Distributed in the Astro build, until such time as we have replaced it completely by more up-to-date versions of its constituent parts.

WARNING: The Apple port of SciSoft (which always had the unofficial nature) has not been updated since 2013; ESO's SciSoft page has described it as "no longer available" since at least June 2016, whatever other websites may still say. In particular said port contains seriously old versions of Python packages (Python 2.7, at that).

We are part-way through the process of replacing the useful parts of SciSoft with more up-to-date and complete packages and suites. Please see instead (eg):

We reserve the right to completely remove this port of SciSoft from the Astro build of macOS at any time. Tread with care. Continue at your own risk.

'Yere be dragons ---

.... That said, and on a strict "if this breaks, you get to keep both parts" basis: Access by:

Activate scisoft

This sources the appropriate startup file into your current shell, which in turn sets the appropriate environment variables. We also use this opportunity to add in some local bugfixes, eg to gnuplot, which have not yet made their way back into the Scisoft distribution.

Please see also:

Installed version

At the time of writing, saying either of:

Activate installed scisoft
Activate scisoft --available

.... at my shell prompt yields:

I see Scisoft Layout_C (2013-May-31) here.

This corresponds to the 2013.6.1 release of SciSoft for Mountain Lion.



Activate help scisoft
Activate help scisoft | less # Page it

.... at the command line.


If you wish to link one or more of the Scisoft libraries into your own software, Activate Scisoft in the usual manner, then add the following command-line option to your compiler, to tell it where the libraries live:


(no space after the L). To find C header files, use also:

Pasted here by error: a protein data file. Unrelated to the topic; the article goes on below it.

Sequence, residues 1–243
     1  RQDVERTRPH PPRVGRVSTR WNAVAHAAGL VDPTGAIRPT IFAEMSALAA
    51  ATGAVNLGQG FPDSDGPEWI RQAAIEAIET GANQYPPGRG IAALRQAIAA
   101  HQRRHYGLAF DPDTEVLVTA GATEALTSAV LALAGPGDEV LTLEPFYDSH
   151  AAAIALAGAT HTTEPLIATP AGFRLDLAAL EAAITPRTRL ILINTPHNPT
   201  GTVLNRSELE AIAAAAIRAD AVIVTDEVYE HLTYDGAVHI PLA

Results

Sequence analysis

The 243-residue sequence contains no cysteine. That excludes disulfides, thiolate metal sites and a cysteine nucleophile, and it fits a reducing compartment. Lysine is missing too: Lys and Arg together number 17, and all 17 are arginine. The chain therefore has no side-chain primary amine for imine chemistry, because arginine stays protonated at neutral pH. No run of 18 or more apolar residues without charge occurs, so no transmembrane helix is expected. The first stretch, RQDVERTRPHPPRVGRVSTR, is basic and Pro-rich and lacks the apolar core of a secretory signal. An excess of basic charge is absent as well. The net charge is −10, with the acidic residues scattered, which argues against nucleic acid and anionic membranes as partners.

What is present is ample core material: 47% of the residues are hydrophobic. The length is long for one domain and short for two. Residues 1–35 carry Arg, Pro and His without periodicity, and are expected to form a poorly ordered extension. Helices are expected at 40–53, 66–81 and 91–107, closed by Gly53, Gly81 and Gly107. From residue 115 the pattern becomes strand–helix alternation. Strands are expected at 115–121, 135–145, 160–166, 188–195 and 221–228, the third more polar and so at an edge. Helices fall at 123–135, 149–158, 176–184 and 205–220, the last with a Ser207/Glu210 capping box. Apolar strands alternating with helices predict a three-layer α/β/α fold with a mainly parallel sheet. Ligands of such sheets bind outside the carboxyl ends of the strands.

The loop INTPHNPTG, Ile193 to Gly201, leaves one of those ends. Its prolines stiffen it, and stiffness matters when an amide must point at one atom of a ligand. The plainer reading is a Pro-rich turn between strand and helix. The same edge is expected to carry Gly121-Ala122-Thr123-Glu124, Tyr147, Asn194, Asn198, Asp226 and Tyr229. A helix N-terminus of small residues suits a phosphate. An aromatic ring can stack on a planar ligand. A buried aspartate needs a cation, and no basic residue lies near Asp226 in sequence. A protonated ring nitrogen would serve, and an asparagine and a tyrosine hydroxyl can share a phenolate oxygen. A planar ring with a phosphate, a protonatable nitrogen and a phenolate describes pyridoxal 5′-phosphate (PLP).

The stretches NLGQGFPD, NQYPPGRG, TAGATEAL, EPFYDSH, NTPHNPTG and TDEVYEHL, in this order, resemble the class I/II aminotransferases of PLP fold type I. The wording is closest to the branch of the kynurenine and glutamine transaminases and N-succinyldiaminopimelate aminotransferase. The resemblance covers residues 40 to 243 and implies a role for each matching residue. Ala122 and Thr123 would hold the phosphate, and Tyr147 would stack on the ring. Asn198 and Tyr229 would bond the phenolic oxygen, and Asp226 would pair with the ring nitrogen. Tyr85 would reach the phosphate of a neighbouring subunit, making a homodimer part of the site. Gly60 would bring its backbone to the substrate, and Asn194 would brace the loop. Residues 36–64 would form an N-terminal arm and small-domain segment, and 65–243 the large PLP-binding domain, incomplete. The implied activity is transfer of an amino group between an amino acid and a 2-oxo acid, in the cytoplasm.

-I $SCISOFT_ROOT/include

(including the space after the capital I).

  • Good News:
    • The Activation will set all the appropriate environment variables for you, including $DYLD_LIBRARY_PATH and $DYLD_FRAMEWORK_PATH (and their variants), in one easy-to-use package. This will permit your compiled program to find various run-time libraries and frameworks.

    • The Activation also sets environment variables such as $LDFLAGS and $CFLAGS for you; these are understood by the make facility. If you have a well-constructed Makefile, your job is done. (Sadly, not every Makefile out there is well-constructed, partly because some incarnations of make are more equal than others.)

  • Bad News:
    • You do need to have Activated Scisoft in the current shell before running your program. This is especially mystifying if you've logged out and back in again, or are attempting to run the program in a different Terminal and/or xterm.

    • If you've Activated SciSoft, the aforementioned environment variables can easily trip up an invocation of make in ways you aren't expecting. The most notorious such variable is $F77, which SciSoft sets to something related to IRAF. If you suspect problems of this sort, the quickest way to check is to say:


      .... which reports whence various compilers came, and lists some of the environment variables which can lead make astray.

  • Ugly News: Certain parts of Scisoft use Apple's graphics interface, known variously as Aqua, Carbon, Cocoa and Quartz. Aqua cannot be tunnelled over SSH, as can the X11 protocol; you will therefore need to use VNC to use the resultant executables. For libraries which use X11 instead, see The Starlink collection.

    • AquaTerm is one known offender, for tolerably obvious reasons. Because of this, use of gnuplot over SSH requires care: say:

      set term x11

      .... at the GNUplot prompt before doing any plots. (This is a Good Move anyway, as for some reason AquaTerm seems to lack the feedback channel by which one can interact with the resultant plot, eg to zoom in on interesting features.)

    • Similar considerations apply to anything which uses Apple's version of the Tcl/Tk libraries, which sadly now includes much of Scisoft itself.

    • If you're going to use VNC, you will need to have left yourself logged onto your system, and to have fired up the VNC server, before you walk away from it. It's up to you to determine whether this is worth the security exposure. Please remember also the annoyance factor of finding your system has had to be rebooted to take on system updates (that's a when, not an if .... some security updates really are mission-critical serious).

Categories: Apple | Astro software | Astrophysics | Development | Mac | OS X | scisoft